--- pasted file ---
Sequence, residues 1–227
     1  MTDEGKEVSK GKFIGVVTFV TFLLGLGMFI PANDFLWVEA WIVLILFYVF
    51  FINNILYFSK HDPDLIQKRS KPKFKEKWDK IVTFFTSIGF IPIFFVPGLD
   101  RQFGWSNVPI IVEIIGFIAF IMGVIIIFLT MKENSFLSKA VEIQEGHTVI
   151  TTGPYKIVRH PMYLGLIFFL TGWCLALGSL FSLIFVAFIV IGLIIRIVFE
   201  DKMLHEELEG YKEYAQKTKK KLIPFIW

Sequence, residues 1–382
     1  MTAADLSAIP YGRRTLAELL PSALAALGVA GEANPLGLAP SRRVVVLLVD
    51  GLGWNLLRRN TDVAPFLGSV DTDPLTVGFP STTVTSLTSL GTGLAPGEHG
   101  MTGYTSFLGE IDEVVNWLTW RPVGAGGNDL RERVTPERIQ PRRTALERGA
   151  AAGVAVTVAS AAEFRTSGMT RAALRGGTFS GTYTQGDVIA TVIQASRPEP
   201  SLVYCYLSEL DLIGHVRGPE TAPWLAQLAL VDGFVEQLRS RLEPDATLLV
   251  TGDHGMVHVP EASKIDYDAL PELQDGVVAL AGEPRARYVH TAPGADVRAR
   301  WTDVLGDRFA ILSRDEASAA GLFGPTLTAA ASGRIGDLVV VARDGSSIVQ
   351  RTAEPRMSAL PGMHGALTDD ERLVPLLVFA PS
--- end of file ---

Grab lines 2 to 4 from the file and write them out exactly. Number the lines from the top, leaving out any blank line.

     1  MTDEGKEVSK GKFIGVVTFV TFLLGLGMFI PANDFLWVEA WIVLILFYVF
    51  FINNILYFSK HDPDLIQKRS KPKFKEKWDK IVTFFTSIGF IPIFFVPGLD
   101  RQFGWSNVPI IVEIIGFIAF IMGVIIIFLT MKENSFLSKA VEIQEGHTVI